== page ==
Blurb for After:
After” is a story about the struggles Lauren Walstein, a fifteen-year-old girl, has to go through when her father suddenly has a heart attack and undergoes bypass surgery. In one phone call her life changes completely. Lauren is a character with whom most teens will relate. Her best friend since kindergarten, Joey, is going out with her enemy and they have grown apart. Before the phone call all she thought about was getting a scholarship for softball, and the Mets. Suddenly she must deal with both her father’s illness and being in school. The demands on her from both ends complicate the story. In the middle of all this, she finds she is developing feelings for her best friend that are more than friendly. Is he feeling the same or is he just comforting her? In addition there is Joey’s mean girl friend Amber, who doesn’t appreciate Lauren being in the picture. Will Lauren’s father recover? How will Lauren cope with her new feelings for Joey?
Let me go back and tell a little bit about myself. First of all, you might be
thinking I’m a boy, but you’re wrong. My name is Lauren. I’m fifteen, and my sister is seventeen. I’m one hundred percent female. We learned about stereotypes in social studies and thinking sports can be only a boy’s thing is one of those. The teacher used blondes—and how people think they’re dumb or playing dumb—as an example. We had to come up with a few stereotypes of our own as our ticket to leave that day. It was then I realized my own parents thought in stereotypes. I go against the stereotype for girls. I’ve always loved baseball. Joey loves it differently than I do. He likes to play it, but he memorizes all the facts and can spew them out any time they’re needed. I like the flow of the game and the feel of the perfect pitch leaving my hand.
Our friendship goes against the stereotypes, too. He and I clicked in kindergarten. The first day of school, Joey and I sat together and didn’t stop talking the whole morning. My parents told me that when the teacher tried to separate us we both put our feet on the ground and refused to be moved. She let us sit together for the rest of the year. But the next year the teachers were onto us and separated Joey and me for the whole year into different classes. We’d see each other in the hallway and wave. Sometimes I’d have a little tear in my eye when I saw him and it didn’t go away for a long time.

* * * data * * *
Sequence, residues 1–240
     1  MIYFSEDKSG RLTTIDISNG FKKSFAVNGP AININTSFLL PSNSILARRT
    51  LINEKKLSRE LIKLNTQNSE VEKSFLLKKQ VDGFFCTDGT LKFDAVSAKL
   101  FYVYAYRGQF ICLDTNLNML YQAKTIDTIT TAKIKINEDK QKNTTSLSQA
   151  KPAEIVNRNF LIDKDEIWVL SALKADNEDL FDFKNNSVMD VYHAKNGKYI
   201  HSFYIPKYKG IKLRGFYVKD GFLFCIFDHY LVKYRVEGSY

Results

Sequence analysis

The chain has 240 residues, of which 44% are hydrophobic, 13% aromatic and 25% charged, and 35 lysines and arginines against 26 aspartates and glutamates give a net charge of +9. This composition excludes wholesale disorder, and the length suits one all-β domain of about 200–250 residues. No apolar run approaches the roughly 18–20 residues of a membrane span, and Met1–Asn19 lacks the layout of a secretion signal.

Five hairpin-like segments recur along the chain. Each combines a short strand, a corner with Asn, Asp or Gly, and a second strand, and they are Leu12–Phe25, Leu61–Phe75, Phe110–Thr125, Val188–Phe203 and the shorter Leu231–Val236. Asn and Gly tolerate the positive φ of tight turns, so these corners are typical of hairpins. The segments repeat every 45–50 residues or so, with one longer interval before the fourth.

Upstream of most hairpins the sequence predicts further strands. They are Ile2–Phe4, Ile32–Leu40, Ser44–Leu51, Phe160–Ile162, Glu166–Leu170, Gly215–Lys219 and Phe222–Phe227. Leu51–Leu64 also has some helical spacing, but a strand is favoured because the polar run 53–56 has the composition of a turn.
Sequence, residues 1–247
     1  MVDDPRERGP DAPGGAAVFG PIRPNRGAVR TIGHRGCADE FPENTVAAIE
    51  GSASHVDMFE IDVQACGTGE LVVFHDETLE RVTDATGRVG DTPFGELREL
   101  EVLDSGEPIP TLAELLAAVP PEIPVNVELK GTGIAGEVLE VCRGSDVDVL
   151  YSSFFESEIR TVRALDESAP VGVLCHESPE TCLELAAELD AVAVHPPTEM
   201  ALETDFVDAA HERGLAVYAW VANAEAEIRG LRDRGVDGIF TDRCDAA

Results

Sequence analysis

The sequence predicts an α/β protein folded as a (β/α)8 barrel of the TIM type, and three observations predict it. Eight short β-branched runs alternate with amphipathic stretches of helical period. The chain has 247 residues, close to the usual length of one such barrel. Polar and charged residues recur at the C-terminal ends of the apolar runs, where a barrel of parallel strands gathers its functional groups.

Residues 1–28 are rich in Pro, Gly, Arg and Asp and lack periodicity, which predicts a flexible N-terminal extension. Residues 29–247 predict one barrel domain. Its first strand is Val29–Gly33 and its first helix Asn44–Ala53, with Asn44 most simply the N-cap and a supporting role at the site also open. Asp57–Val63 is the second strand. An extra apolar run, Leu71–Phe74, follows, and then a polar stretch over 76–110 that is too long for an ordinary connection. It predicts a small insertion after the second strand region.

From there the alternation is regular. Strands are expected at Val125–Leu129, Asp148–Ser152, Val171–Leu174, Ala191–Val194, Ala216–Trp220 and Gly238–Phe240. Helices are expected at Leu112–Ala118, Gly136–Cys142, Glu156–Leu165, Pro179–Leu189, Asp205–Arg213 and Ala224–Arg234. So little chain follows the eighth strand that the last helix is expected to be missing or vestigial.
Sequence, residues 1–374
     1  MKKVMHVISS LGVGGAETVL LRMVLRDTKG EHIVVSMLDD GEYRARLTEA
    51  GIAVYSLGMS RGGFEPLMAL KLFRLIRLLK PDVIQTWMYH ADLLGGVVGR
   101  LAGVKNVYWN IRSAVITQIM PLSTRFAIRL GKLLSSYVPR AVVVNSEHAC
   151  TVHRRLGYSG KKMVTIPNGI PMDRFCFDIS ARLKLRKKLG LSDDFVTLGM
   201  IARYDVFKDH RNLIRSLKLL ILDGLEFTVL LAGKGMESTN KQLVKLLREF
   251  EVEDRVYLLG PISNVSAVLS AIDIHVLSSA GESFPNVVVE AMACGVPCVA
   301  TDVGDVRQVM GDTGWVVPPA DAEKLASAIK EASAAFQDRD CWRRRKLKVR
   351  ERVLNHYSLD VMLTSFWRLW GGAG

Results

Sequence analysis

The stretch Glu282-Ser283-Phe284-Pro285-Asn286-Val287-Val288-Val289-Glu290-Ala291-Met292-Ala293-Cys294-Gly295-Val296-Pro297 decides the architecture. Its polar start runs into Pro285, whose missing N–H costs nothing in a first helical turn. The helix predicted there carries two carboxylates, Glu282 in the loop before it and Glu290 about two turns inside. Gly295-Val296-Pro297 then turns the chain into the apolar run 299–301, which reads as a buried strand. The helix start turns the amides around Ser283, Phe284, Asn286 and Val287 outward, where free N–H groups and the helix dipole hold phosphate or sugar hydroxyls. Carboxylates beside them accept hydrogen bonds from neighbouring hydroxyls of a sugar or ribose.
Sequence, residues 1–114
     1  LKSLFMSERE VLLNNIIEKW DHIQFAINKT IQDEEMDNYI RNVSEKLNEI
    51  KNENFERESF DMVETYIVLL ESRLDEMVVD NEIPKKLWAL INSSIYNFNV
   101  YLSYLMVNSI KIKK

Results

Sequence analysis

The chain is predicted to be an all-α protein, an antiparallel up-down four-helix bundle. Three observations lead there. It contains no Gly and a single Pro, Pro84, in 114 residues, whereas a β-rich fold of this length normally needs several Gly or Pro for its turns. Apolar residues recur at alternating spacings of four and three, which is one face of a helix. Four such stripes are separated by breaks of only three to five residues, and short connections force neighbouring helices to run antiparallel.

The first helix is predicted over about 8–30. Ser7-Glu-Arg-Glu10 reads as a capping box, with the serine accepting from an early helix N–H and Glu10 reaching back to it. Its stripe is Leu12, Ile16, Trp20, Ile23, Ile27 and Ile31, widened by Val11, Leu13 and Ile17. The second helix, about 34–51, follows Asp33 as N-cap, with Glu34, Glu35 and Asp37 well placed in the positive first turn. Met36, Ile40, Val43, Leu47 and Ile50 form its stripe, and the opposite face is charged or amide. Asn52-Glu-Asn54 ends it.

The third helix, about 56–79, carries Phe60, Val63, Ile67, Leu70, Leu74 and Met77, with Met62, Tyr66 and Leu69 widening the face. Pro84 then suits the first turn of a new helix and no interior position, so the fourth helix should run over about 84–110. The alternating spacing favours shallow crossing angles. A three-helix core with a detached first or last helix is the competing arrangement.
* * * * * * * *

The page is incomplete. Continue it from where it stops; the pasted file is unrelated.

Before the phone call, there I was, eyelids drooping, in front of the TV, about to go upstairs to bed. Mom joined me for the last couple of innings. It looked like the Mets might do it. Though I tried, I couldn’t keep my eyes open. I was in the
process of raising my tall, lean body off the sofa and placing one foot on the floor when the phone rang. Dad usually called Mom late when he worked nights, so I handed the phone to Mom and started upstairs. I didn’t get far. As soon as my foot touched the first step I stopped in mid-step. Mom was screaming into the phone.
Blurb for If I Could Be Like Jennifer Taylor:
Carolyn Samuels is obsessed with the idea of being popular. She is convinced that the only thing keeping her from happiness is her too heavy for fashion body and not being a cheerleader. Hyperventilating when she gets nervous doesn’t help. When she is paired for a math project with the girl who tormented her in middle school, Jennifer Taylor, she is sure it is going to be another year of pain. With Carolyn’s crush on Jennifer’s hunky junior quarterback, Brad her freshman year in high school looks like a rerun of middle school. When Jennifer is the only student who knows why she fell in gym class, Carolyn is blackmailed into doing her math homework in return for Jennifer’s silence. Jennifer takes on Carolyn as a pity project since she can’t be seen with someone who dresses in jeans and sweatshirts. When Jennifer invites Carolyn to spexnd the night to make her over and teach her to tumble, Carolyn learns Jennifer’s secret and lies to her own friends to cover it up. Will Carolyn become a cheerleader and popular? Does she continue to keep Jennifer’s secret? Or will she be a target of this mean girl again?
I spot him walking toward my locker with a small box in one hand and a plastic fork in the other. My Crush! He hands me the box, and I open it. Inside is a piece of luscious chocolate cake with chocolate frosting. I look up into his blue eyes and give him the box so I can touch his cheek as I smooth his dark hair.
“You always know just what I like.”
He smiles and feeds me a forkful of cake. I don’t have to worry about eating it because I can eat anything I want and not gain weight. He places the cake box in my locker so he can put his arms around me.
The first bell rings in my ears. I ignore it because I’m thin and blonde and floating in the arms of my dark-haired crush. The other cheerleaders run up to us laughing and kidding around, and I’m about to speak. The ringing gets louder.
The dream evaporates, and I realize it’s the darn alarm piercing my sleep. Slamming my fist onto the snooze button, I get this nagging feeling. Then I remember. I have something to do. Worse luck, I have to do it, not as the slender blonde beauty in my dream, but as the real Carolyn Samuels with my brown curly hair hanging like shriveled spaghetti, mud brown eyes, and a body too large for fashion.
I see my new book bag is packed and ready by the door with the initials C. S. in blue, my favorite color. Suddenly it hits me, and I get this dizzy let-me-plop-on-the-pillow feeling. Freshman year of high school— first day. My brain is ready, but my body isn't. Jennifer will be there. Math class and Jennifer; gym class with Jennifer. My body curls into a fetal position, and I throw the covers over my head. Don’t faint Carolyn, I tell myself, panting.